It’s Raining, Look Out For Basement Water Seeping

Apr 15, 2014

April Showers Bring Wet Basements and Water Seepage

Basement Water Seepage

It’s wonderful to finally be able to welcome Spring to our lands.  The Winter in New England (especially in NH and MA) has been particularly brutal this year with its lingering cold temperatures and above average snow fall.  Nevertheless, Spring is here and with the lovely warm temperatures, sunshine and daffodils also comes those “April Showers”.

We talk about basement flooding throughout the Blog and our main website but in this post, we are going to talk about basement water seepage.  Basements are more likely to experience water seepage and water seeping than they are to experience full on basement flooding.

Basement Water Seeping is caused by a variety of issues and events

Hydrostatic Pressure May Cause Water Seepage – Hydrostatic pressure is water pressure; the build-up of [ground] water in and around a home’s foundation, basement walls and floors.  When ground water levels rise, this causes additional hydrostatic pressure and water may be pushed up against a home’s foundation/basement flooring.  This can result in flooding and seeping of water into cracks and seams throughout the whole foundation. Hydrostatic pressure tends to result in a wet basement floor and could cause puddling.

Water seepage due to hydrostatic pressure fix: Basements that are wet from water seepage can generally be returned to dry and the problem can be solved with a sump pump or a basement drainage system.

Foundation Wall Cracks May Cause Water Seepage – Using a poured concrete foundation has been a practice that has improved over the past 60 years. Having a poured concrete foundation increases the quality of basements and allows homeowners to have many options for basement finishing.  However, poured concrete does have a tendency to crack. These foundation cracks are perfect avenues for water, soil gases, insects, etc.to seep in and penetrate a home.

Water seepage due to foundation wall cracks fix: Basements that are wet from water seepage through foundation wall cracks should have the cracks sealed.  Sealing foundation wall cracks will prevent water seeping into the basement through cracks.

Cove and Cold Joints May Cause Water Seepage – Cove joints are seam points where the wall and the foundation floor meet. Cove and cold  joints occur in homes where the foundation is a concrete poured foundation.  This means that the concrete footings, basement floor and the walls were poured at different times.  Water may seep and find its way through the cove and/or cold joints. The source of water seepage at and around cove joints is not necessarily due to a foundation wall crack.  Water due to hydrostatic pressure can cause seepage through cove joints also.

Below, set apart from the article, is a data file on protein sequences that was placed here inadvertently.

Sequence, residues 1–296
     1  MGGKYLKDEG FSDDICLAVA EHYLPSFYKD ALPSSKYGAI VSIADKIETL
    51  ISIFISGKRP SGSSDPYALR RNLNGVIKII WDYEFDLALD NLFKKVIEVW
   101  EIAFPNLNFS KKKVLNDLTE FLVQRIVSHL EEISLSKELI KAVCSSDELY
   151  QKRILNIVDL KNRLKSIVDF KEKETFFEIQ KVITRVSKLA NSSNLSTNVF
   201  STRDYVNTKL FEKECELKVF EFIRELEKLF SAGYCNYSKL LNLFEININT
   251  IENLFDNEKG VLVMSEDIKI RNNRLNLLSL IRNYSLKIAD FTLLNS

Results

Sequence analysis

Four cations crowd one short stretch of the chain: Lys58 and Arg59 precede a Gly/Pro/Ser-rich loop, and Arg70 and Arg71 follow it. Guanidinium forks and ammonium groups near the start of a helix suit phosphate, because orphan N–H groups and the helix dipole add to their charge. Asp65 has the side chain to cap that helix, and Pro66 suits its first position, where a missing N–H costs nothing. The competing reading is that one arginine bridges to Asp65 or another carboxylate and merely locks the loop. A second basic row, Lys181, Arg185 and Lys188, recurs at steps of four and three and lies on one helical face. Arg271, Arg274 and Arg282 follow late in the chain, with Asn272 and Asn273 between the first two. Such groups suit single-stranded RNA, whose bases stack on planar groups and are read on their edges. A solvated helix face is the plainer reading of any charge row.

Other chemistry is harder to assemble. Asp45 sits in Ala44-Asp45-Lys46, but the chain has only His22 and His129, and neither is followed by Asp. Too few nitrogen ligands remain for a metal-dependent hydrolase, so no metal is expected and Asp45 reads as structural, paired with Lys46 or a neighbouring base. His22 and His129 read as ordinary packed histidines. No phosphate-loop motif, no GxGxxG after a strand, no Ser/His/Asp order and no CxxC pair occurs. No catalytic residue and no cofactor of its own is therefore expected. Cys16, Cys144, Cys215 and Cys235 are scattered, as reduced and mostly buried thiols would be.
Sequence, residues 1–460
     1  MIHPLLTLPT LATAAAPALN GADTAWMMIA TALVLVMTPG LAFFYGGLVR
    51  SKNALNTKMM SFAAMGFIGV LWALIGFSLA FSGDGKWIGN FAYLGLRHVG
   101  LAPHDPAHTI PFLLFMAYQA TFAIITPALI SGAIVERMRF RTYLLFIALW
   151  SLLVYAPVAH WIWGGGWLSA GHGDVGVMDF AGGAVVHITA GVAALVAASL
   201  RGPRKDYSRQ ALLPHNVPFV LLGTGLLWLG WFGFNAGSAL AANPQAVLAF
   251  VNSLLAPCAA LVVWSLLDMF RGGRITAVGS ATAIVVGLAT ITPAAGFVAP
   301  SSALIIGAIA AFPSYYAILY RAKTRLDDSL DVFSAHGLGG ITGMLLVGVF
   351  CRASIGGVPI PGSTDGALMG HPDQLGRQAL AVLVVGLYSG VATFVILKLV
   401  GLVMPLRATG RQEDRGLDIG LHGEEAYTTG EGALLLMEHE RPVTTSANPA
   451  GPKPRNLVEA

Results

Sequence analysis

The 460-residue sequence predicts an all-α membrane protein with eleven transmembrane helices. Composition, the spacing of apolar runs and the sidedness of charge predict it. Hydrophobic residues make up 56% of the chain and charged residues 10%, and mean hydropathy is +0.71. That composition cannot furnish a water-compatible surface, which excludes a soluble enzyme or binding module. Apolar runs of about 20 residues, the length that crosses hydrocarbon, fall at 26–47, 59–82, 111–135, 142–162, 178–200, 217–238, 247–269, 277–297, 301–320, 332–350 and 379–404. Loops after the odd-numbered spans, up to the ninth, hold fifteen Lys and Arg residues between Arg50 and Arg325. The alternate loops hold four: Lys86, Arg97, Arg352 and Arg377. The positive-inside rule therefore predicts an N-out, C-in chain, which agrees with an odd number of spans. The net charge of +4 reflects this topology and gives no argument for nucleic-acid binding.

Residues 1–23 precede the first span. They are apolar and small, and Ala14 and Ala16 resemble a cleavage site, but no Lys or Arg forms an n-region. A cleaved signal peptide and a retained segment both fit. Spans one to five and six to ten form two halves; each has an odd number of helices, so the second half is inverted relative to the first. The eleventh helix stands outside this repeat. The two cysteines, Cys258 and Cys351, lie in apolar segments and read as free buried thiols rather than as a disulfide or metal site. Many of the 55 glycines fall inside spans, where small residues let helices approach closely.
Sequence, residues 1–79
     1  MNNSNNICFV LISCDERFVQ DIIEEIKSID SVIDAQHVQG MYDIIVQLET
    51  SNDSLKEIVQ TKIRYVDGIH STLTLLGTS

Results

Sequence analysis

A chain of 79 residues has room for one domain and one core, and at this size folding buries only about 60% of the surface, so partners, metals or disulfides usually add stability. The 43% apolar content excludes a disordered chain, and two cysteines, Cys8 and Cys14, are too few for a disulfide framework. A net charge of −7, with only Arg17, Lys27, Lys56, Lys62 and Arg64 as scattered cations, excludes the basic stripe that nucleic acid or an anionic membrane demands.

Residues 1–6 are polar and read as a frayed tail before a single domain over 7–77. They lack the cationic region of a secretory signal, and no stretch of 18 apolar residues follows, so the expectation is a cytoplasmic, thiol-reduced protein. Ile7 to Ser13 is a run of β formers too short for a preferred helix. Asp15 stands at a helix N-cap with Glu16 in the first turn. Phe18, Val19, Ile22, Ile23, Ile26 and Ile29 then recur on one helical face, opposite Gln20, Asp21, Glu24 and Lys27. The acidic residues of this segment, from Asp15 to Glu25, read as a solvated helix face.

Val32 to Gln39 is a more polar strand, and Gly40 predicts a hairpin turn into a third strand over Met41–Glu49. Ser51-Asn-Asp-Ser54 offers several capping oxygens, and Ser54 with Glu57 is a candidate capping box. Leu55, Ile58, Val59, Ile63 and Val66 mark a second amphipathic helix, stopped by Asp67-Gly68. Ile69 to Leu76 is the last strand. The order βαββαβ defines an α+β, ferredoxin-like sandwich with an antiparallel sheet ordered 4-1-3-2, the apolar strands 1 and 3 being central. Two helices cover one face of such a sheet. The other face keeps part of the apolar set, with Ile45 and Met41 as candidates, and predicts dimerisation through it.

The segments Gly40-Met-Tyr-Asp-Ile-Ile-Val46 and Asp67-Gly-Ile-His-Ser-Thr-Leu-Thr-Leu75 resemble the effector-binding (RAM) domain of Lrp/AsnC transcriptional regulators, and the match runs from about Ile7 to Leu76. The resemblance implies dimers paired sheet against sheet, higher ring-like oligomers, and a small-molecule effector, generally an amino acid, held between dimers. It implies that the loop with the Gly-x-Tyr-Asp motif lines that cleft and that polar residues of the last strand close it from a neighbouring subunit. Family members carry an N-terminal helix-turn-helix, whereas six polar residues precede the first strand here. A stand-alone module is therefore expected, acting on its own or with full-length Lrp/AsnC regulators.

Water seepage due to or at cove joints fix: Water seepage through cove joints should be confirmed because waterproofing for cove joints involves foundation excavation and also interior work.  A basement drainage system  often needs to be installed as well.

Bulkheads, Window Wells and Garage Doors May Cause Water Seepage – If there is puddling or standing water around your bulkhead, and your bulkhead is old and leaky, then you may experience water seepage around and down the bulkhead well.  If you have windows in your basement that are below grade, then you have potential for water to seep into your basement.  Water may fill in around your windows and cause seepage.  Don’t forget about your garage doors.  Water may run and seep under garage doors if the grade of your property or the pitch of the driveway is not done so that water drains away.

Water seepage due to bulkheads, window wells  and garage doors fix: Water seepage through the bulkhead and window wells would be easy to diagnose and you will likely need to either replace the bulkhead and/or window well or install a drainage system.  If you have leaking or seepage from your garage area, you should consult first with a basement waterproofing specialist as there may be different factors causing the seeping water.



While water seepage in the basement may not be as disastrous as an immediate flooding of the basement, seeping water in the basement could lead to the eventual flooding of that basement.